India sees huge spike after lifting lockdown

NEW DELHI, India — India has discovered two viral clusters since it partly lifted the nationwide lockdown on Monday, contributing to the largest single-day spike in cases and deaths in 24 hours.

There’s been a total of 3,900 infection cases and 195 deaths in the past 24 hours, taking India’s total to more than 46,000 cases and more than 1,500 dead.

The Health ministry says the spike was due to late reporting of information by several state governments.

A vegetable and fruit market in Chennai, a southern Indian city, has been linked to more than 300 cases. Many of those who had been working in the market, which is among the largest in the country, had returned to their villages due to the lockdown and public health officials are now trying to retrace their footsteps.

In Tripura, a state in India’s north-east, which shares a border with Bangladesh, a total of 27 new cases were reported, of which 13 were linked to the Border Security Force or BSF, the country’s border guarding force.

Experts warn Italy will experience second wave

ROME — Italian experts are warning a second wave of coronavirus infections will most certainly accompany Italy’s gradual reopening from Europe’s first lockdown.

They are calling for intensified efforts to identify possible new victims, monitor their symptoms and trace their contacts

Dr. Silvio Brusaferro, president of the Superior Institute of Health, briefed a Senate committee on Tuesday about the next phase of Italy’s coronavirus pandemic. He joined experts a day after 4.4 million Italians went back to work and restrictions on personal movement were eased for the first time in two months.

Brusaferro says the key to keeping the outbreak under control lies in the early isolation of people with suspected infection, more tests and the quarantine of their close contacts. He says it will require “a huge investment” of resources for training medical personnel to monitor possible new cases. He adds any phone app that can help trace contacts, while useful, doesn’t substitute for the actions of people.

The head of the institute’s infectious disease department, Dr. Giovanni Rezza, told La Repubblica the coming weeks were essentially an “experiment” to see how the infection curve reacts to the easing of the lockdown and production shutdown.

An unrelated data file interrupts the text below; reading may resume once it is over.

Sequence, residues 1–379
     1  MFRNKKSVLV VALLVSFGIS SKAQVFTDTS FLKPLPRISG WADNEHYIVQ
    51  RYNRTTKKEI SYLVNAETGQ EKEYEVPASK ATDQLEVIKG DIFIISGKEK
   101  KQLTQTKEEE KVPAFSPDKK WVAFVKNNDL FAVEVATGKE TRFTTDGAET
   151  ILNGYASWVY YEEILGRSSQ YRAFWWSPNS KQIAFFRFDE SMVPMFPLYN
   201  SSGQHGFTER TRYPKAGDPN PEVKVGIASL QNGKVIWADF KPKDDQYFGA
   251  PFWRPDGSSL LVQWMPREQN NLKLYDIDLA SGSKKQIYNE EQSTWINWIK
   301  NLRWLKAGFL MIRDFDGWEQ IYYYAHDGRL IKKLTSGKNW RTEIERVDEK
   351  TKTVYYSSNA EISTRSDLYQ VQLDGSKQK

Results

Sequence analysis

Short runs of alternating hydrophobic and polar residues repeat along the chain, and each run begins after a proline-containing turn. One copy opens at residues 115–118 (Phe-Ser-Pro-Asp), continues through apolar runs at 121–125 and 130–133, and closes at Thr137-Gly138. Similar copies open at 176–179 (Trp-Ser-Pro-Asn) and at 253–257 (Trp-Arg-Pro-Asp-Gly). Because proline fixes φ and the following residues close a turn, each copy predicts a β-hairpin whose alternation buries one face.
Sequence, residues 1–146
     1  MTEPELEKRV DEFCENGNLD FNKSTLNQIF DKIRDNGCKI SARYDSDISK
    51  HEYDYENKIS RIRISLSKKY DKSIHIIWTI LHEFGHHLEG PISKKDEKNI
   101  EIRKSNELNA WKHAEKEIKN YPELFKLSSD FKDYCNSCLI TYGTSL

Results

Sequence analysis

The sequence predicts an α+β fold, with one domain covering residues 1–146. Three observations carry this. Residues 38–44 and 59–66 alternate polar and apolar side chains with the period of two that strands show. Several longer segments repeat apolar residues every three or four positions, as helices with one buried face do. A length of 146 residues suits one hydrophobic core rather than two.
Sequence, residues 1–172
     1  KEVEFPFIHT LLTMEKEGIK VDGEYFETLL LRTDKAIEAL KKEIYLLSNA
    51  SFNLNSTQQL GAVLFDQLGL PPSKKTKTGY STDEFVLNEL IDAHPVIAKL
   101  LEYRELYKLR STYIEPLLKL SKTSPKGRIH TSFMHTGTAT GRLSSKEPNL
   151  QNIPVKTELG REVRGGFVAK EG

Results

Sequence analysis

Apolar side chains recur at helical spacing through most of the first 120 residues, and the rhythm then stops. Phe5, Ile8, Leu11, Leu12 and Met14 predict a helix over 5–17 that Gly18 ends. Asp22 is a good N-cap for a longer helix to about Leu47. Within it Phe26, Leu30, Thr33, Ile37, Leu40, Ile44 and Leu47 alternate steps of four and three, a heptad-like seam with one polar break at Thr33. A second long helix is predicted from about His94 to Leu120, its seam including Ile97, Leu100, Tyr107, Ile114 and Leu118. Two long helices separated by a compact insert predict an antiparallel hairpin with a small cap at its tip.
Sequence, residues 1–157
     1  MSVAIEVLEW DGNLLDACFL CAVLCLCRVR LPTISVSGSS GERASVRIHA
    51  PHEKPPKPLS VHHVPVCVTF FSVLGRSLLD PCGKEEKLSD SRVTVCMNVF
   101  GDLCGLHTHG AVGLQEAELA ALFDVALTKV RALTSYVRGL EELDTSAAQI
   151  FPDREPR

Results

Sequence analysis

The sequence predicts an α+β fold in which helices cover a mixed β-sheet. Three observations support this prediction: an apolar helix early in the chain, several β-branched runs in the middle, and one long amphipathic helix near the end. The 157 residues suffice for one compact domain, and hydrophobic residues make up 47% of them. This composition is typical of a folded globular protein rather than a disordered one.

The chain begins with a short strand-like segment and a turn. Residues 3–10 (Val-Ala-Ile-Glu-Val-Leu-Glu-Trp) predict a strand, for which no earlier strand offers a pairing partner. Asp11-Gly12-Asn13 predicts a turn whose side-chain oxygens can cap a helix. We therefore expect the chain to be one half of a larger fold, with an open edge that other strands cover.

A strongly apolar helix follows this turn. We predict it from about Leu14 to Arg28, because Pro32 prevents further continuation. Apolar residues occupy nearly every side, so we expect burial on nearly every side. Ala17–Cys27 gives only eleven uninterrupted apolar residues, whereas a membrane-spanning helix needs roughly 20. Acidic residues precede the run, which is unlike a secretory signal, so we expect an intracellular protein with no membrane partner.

“We are not out of the epidemic. We are still in it. I don’t want people to think there’s no more risk and we go back to normal,” Rezza told La Repubblica.

In Italy’s hard-hit northern Lombardy, tens of thousands of sick overwhelmed the health care system. Scientists say a second wave of infection would particularly hit the south, which didn’t have many infections.

Germany to discuss stimulus with automakers

BERLIN — The German government and the country’s automakers plan to discuss stimulus measures to promote modern technology.

Chancellor Angela Merkel’s spokesman, Steffen Seibert, says the German leader and several ministers held a telephone conference Tuesday with the chief executives of automakers in Germany and the head of the IG Metall industrial union.

Germany is home to automakers such as Volkswagen, Daimler and BMW, and the sector is a crucial employer in Europe’s biggest economy. The companies are restarting production in Europe after the coronavirus pandemic brought it to a near-standstill.

Seibert says participants agreed a working group should discuss economic stimulus measures “that constitute a contribution to modernization in the direction of innovative vehicle technologies.” He says they aim to discuss the results in early June.

British government acknowledges it should have tested more people earlier

LONDON — The British government’s chief scientific adviser has acknowledged that the country should have been testing more people for the new coronavirus early in the country’s outbreak.

Patrick Vallance told Parliament’s health committee that “if we’d managed to ramp up testing capacity quicker it would have been beneficial, and for all sorts of reasons that didn’t happen.”

Critics say Britain’s Conservative government responded too slowly when COVID-19 began to spread, and failed to contain the outbreak by widely testing people with symptoms, then tracing and isolating the contacts of infected people.

Countries that did that, including South Korea and Germany, have recorded lower death rates than those that did not.

The U.K. has recently expanded its testing capacity and is setting up a “test, track and trace” program as it looks to relax a nationwide lockdown.

Britain is one of the world’s hardest-hit countries in the pandemic, and looks likely to overtake Italy for the largest number of COVID-19 deaths in Europe.